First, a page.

Gait disorders in patients with cognitive impairment or dementia

Moran Dorfman, Anat Mirelman, Jeffrey M. Hausdorff, Nir Giladi*

*Corresponding author for this work

Research output: Chapter in Book/Report/Conference proceedingChapterpeer-review


Cognitive impairment and dementia are common in aging. In recent years, there is a growing body of evidence that suggests that gait is reliant on cognitive function and that gait impairments and falls are affected by a wide spectrum of age-associated changes in cognitive function. Several studies have suggested that gait abnormalities can already be present in the early stages of cognitive decline, even before dementia has been diagnosed. In this chapter, we describe the relationship between gait and cognition as a function of the severity of cognitive decline. We begin with a review of the current understanding of age-associated changes in both cognition and motor function and the interrelation between these domains in older adults. We then review reports on gait changes in mild cognitive impairment, dementia, and Alzheimer's disease dementia, as well as alterations of motor function throughout the course of cognitive decline. Finally, we summarize information on therapeutic interventions designed to improve gait and reduce fall risk based on the interactions between gait and cognitive function.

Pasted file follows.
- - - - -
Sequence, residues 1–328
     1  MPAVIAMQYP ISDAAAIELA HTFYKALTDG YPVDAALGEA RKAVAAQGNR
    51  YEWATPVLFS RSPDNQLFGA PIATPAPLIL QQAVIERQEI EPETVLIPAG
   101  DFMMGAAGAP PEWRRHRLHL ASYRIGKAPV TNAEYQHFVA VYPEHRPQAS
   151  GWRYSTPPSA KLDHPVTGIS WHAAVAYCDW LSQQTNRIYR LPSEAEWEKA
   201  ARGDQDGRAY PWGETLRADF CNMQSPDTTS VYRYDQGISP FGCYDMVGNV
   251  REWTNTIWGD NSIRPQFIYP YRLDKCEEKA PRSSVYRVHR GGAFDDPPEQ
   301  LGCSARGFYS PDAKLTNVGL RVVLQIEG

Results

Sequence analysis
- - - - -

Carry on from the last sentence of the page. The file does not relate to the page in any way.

Original languageEnglish
Title of host publicationMovement Disorders in Dementias
PublisherSpringer-Verlag London Ltd
Number of pages28
ISBN (Electronic)9781447163657
ISBN (Print)1447163648, 9781447163640
StatePublished - 1 Jan 2014


  • Aging
  • Alzheimer's disease
  • Dementia
  • Falls
  • Gait
  • Mild cognitive impairment
  • Motor


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